Who played well in Game 3 of the Stanley Cup Final? Sometimes it's easy to tell, sometimes it isn't. NHL.com graded the players in the 7-2 victory by the Boston Bruins against the St. Louis Blues at Enterprise Center on Saturday that gave them the lead in the best-of-7 series. Here are the players and trends that stood out the most.
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Torey Krug (Bruins) -- The defenseman was a dynamo and was especially effective on the power play, getting a goal and three assists. His goal at 12:12 of the second period made it 5-1 and ended the night for Blues goalie Jordan Binnington, who was pulled after allowing five goals on 19 shots. Krug has 11 power-play points in 20 Stanley Cup Playoffs games, tied with Bruins forward Brad Marchand for the most in the NHL.
Video: BOS@STL, Gm3: Krug on setting B's record, Game 3 win
Sean Kuraly (Bruins) -- The fourth-line center has been a wrecking ball against the Blues. He has at least one point in each game of the series, and in Game 3 he scored his second goal of the Cup Final with 10 seconds remaining in the first period to give the Bruins a 3-0 lead. Kuraly also scored the game-winning goal in Game 1.
Zach Sanford (Blues) -- The forward replaced Oskar Sundqvist, who was suspended one game by the NHL Department of Player Safety for boarding Bruins defenseman Matt Grzelcyk in Game 2, and was one of the few Blues players to make an impact Saturday. Playing his first game since Game 3 of the Western Conference First Round against the Winnipeg Jets, Sanford had an assist on Ivan Barbashev's goal to go along with one shot, two hits and one block.
Patrice Bergeron (Bruins) -- The top-line center set the tone from the start for Boston after struggling in the first two games. He gave Boston a 1-0 lead at 10:47 of the first period with his NHL-leading seventh power-play goal. Bergeron finished with one goal and two assists and has 102 points (40 goals, 62 assists) in 132 playoff games.
Video: BOS@STL, Gm3: Bergeron on execution in Game 3 win
Zdeno Chara (Bruins) -- The captain was a workhorse in the absence of Grzelcyk. Chara led the Bruins in ice time at 24:32 and helped shelter John Moore (13:09), who replaced Grzelcyk.
Blues pump-up video (up) -- The opening video, featuring current captain Alex Pietrangelo and several prominent alumni, including Chris Pronger and Brett Hull, talking about how far the Blues have come, how long they have waited and how close they are to the ultimate prize, had the crowd in an excited state for the opening puck drop.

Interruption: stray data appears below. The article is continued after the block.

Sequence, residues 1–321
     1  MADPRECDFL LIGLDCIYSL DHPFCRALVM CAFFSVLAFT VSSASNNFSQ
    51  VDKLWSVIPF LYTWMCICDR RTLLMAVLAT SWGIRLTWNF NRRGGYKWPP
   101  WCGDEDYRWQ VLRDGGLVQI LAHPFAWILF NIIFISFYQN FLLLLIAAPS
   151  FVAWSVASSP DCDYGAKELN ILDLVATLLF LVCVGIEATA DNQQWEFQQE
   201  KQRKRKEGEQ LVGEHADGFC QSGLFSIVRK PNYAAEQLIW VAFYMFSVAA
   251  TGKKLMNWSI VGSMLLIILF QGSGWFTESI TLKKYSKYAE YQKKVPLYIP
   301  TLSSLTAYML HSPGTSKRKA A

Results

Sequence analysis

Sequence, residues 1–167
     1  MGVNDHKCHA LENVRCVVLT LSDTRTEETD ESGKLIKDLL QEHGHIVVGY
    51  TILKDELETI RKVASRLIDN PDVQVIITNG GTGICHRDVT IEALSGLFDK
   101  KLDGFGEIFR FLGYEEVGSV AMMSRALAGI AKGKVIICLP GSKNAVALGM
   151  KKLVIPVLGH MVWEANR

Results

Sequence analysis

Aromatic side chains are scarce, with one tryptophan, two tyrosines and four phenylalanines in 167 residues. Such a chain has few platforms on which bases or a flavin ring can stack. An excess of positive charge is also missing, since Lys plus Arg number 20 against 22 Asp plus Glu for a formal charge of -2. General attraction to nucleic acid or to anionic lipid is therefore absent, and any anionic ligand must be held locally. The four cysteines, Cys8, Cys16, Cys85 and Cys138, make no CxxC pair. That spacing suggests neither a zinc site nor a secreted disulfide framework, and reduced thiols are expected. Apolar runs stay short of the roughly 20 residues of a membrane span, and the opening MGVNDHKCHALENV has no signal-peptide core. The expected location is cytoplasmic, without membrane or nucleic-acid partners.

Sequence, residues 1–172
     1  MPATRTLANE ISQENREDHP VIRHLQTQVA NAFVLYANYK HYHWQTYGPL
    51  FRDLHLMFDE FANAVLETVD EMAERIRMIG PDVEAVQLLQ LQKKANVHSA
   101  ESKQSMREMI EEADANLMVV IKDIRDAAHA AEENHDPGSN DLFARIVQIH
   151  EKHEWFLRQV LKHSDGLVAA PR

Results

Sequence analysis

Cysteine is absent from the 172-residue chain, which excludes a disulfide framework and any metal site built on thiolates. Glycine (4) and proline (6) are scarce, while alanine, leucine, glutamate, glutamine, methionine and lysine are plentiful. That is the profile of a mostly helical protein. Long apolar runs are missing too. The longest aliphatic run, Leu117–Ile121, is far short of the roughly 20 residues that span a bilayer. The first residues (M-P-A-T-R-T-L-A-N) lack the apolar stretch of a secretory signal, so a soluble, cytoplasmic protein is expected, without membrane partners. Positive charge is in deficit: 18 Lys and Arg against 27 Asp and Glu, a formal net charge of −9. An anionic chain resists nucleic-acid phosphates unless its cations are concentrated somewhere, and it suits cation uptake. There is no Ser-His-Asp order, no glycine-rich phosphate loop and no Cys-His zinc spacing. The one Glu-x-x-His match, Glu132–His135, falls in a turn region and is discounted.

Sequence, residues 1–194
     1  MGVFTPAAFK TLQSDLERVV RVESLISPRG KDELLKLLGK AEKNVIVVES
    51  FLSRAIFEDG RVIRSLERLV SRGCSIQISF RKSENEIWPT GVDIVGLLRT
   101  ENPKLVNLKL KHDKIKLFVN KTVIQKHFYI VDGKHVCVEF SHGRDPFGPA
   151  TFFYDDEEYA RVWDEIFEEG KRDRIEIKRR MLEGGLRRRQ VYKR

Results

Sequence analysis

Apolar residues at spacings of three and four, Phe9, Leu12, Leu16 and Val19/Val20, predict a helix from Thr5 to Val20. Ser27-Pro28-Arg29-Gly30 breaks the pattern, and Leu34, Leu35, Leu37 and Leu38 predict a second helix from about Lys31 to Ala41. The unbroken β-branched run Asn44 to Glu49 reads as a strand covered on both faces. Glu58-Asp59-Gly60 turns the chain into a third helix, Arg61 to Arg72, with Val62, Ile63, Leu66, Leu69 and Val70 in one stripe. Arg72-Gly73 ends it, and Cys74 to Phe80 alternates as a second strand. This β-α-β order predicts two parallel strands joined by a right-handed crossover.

Bruins power play (up) -- The Bruins have been lethal with the man-advantage all playoffs, but they took it to another level in Game 3, going 4-for-4 on four shots in 2:06 of total power-play time. It was the fourth time their power play had a 100-percent efficiency in the playoffs, and they are 14-for-28 on the road. The four power-play goals are tied for the second most in a Cup Final game, one behind the five scored by the New York Islanders in Game 3 of the 1980 Final.
Video: BOS@STL, Gm3: Bruins score four PPGs on four shots
Jordan Binnington (down) -- Binnington allowed five goals on 19 shots and was pulled for the first time in his NHL career. The rookie did not allow five goals in 32 regular-season games, but this was the fourth time he has allowed at least five in the playoffs.
Craig Berube (down) -- The St. Louis coach was unsuccessful on an offside challenge on Kuraly's goal with 10 seconds remaining in the first period. He believed that Bruins forward Joakim Nordstrom entered the zone early, but the Situation Room confirmed that Blues defenseman Joel Edmundson passed the puck into the defending zone, meaning the play was onside. To make matters worse, Bruins forward David Pastrnak scored on the ensuing power play 41 seconds into the second period to make it 4-0.
Tuukka Rask (up) -- The Bruins goalie was not asked to do much after the Bruins jumped out to their big lead, but he was integral early on, making four saves on the penalty kill after Jake DeBrusk was called for kneeing at 1:02 of the first period. It is the 14th time in 20 playoff games Rask has allowed two goals or fewer.
Video: BOS@STL, Gm3: Rask on Bruins capitalizing on chances
What we learned
Bruins' adjustments on power play worked
The Bruins realized after Game 2 that the Blues were taking away a lot of what they were trying to do low in the zone on the power play, including the pass to Bergeron in the slot. In Game 3, the power play ran through Krug at the blue line, and three of their power-play goals came from the outside off either a shot or pass. Boston is 6-for-14 on the power play in the series and 13-for-29 in its past seven games.
Blues discipline, PK remain problems
As much as they talk about it, the Blues haven't been able to do much about their discipline in this series. They gave the Bruins four power plays in Game 3 after giving them 10 in the first two games. They were penalized for interference, high-sticking and slashing, and they also gave Boston a power play with a failed challenge for offside. Worse yet, the Blues' problems killing penalties didn't go away.